pasta pomodoro, flounder, mizuna, cheese

dinner, 3/7/11

After only a couple of outings, we’ve already come to think of this simple, quick technique for small fillets (here winter flounder, locally caught) as the holy grail of fish recipes:  A way to let the taste of fresh, mild-flavored wild-caught fish shine, with a minimum of distractions.  Last night it was especially superb, not least because the fish had probably been in the sea only the day before.

  • large-diameter ribbed tubular pasta, “Gigantoni,” (Setaro, from Buon Italia), combined with a simple cooked tomato sauce using canned San Marzano tomatoes, finished with basil;  served with spelt bread from Eataly
  • wine:  Italian, Cà di Pian Barbera D’Asti D.O.C. 2006, from La Spinetta
  • small flounder fillets from from Riverhead-based PE & DD Seafood in the Union Square Greenmarket, dried and then sprinkled with white wine vinegar and some salt, lightly-floured, sauteed in a little oil, removed from the pan, to which butter and lemon juice were then added, scraped together, gently warmed, and sprinkled with chopped parsley; accompanied by Japanese mustard greens (frisée-like Mizuna) from Lani’s Farm, also in the Greenmarket, which were wilted in a pan with oil which had first heated some chopped shallots, then finished with a bit of fresh oil
  • cheese:   an especially sweet slice of “Rupert,” an artisanal cow’s milk form from the Greenmarket stall of Vermont’s Consider Bardwell Farm (the maker describes it as “An aged, raw Jersey cow milk cheese inspired by great European Alpine cheeses like Gruyère and Comté.”);  accompanied by thin slices of spelt bread
  • wine:  Spanish, Naia 2008 Rueda (Verdejo) by Jorge Ordonez, from 67 Wine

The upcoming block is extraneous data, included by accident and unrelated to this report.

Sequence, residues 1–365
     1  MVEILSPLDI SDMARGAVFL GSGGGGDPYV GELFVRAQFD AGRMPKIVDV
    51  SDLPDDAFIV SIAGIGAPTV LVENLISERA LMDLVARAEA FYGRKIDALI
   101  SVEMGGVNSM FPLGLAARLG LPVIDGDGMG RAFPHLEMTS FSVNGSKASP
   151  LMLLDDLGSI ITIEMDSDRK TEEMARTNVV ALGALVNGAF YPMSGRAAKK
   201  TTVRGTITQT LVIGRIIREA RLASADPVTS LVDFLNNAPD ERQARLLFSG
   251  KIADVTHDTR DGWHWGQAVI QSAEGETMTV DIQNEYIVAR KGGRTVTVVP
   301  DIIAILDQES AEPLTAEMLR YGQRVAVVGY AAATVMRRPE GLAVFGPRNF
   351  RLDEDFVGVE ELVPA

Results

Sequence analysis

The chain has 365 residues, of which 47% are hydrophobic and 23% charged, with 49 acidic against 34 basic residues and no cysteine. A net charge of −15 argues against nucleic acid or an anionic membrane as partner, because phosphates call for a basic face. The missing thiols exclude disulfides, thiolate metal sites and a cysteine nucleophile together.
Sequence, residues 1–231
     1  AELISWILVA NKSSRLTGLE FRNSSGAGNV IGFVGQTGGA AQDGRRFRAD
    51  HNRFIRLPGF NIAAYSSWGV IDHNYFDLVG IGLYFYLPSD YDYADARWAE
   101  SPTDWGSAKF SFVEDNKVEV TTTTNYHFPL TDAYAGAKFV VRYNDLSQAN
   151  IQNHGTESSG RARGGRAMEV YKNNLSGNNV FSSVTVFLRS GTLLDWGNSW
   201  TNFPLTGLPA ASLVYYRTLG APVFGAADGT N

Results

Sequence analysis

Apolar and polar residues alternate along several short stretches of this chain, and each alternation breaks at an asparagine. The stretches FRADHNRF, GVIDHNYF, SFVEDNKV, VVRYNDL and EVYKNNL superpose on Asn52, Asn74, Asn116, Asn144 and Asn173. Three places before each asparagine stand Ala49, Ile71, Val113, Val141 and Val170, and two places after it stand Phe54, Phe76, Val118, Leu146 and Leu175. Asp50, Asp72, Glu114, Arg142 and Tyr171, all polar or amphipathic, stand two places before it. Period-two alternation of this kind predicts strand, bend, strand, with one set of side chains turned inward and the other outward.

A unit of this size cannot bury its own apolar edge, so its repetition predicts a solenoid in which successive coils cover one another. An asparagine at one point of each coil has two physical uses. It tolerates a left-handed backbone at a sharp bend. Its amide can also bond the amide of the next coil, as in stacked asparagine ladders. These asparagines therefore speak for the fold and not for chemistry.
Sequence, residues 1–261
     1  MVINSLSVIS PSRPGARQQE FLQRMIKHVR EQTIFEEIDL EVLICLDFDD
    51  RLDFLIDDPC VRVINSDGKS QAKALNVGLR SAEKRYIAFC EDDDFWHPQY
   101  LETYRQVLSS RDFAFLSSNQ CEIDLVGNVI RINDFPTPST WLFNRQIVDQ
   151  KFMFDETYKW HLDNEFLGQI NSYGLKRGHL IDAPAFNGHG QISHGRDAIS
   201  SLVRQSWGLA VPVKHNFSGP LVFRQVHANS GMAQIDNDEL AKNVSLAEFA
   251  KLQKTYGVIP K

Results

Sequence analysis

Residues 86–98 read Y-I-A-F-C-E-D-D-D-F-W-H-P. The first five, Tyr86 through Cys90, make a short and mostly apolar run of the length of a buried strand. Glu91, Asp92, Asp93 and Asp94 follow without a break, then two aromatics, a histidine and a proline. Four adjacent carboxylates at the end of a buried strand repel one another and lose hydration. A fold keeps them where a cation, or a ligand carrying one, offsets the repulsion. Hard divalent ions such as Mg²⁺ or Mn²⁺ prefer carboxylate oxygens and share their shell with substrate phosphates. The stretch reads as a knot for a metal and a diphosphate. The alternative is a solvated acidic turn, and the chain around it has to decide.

cod with green sauce, broccoli

dinner, 2/21/11

I love broccoli – even “straight” – but I wanted something slightly more imaginative to go with a beautiful fresh cod fillet I had picked up at the Greenmarket.  I tend to prefer vegetables barely cooked, and I almost always avoid complex treatments, but when I looked inside my paper folder with the “broccoli” tab, I was instantly seduced by the ingredients listed in a Kyle Phillips recipe I had printed some time back.

Halfway through the preparation however I was taken aback when I saw that the “brew” appeared, to my eyes, overcooked, and had come to resemble the limp contorno found in authentic Italian cookery.  I shouldn’t have worried, and I should have remembered how good Italian vegetable preparation can be at its best:  The Broccoletti con Pan Grattato e Acciunghe was awesome, and I will certainly be doing it again.

  • cod fillet in green sauce (described by Mark Bittman as “a Basque staple”), that is, a seasoned fillet from Riverhead-based PE & DD Seafood in the Union Square Greenmarket, cooked slowly for maybe 10 to 12 minutes in a skillet with a generous amount of oil,  turned once halfway through, a handful of chopped parsley added at the time;  accompanied by broccoli, a beautiful, blue-bud sorta-Asian variety (“broccolini,” or  “baby broccoli,” which is actually cross between broccoli and Gai Lan, also known as Chinese Broccoli) from D&J Organic Farm, also in the Greenmarket, cooked with bread crumbs & anchovies (Broccoletti con Pan Grattato e Acciunghe)
  • wine:  Spanish, Naia 2008 Rueda (Verdejo) by Jorge Ordonez, from 67 Wine

Calabrese salame, cauliflower frittata

dinner, 10/18/10

(color it purple, gold or green – or just leave it white, like ours this time)

I love cauliflower in every form, and I’m equally fond of eggs.  I’d been looking for the flowered cabbage in the Greenmarket all summer, but hadn’t found a small, good-looking head, in any color, until this past weekend.  As I had on hand some very fresh Greenmarket eggs from Knoll Krest Farm which I didn’t want to hold onto long, I thought of one of my favorite recipes.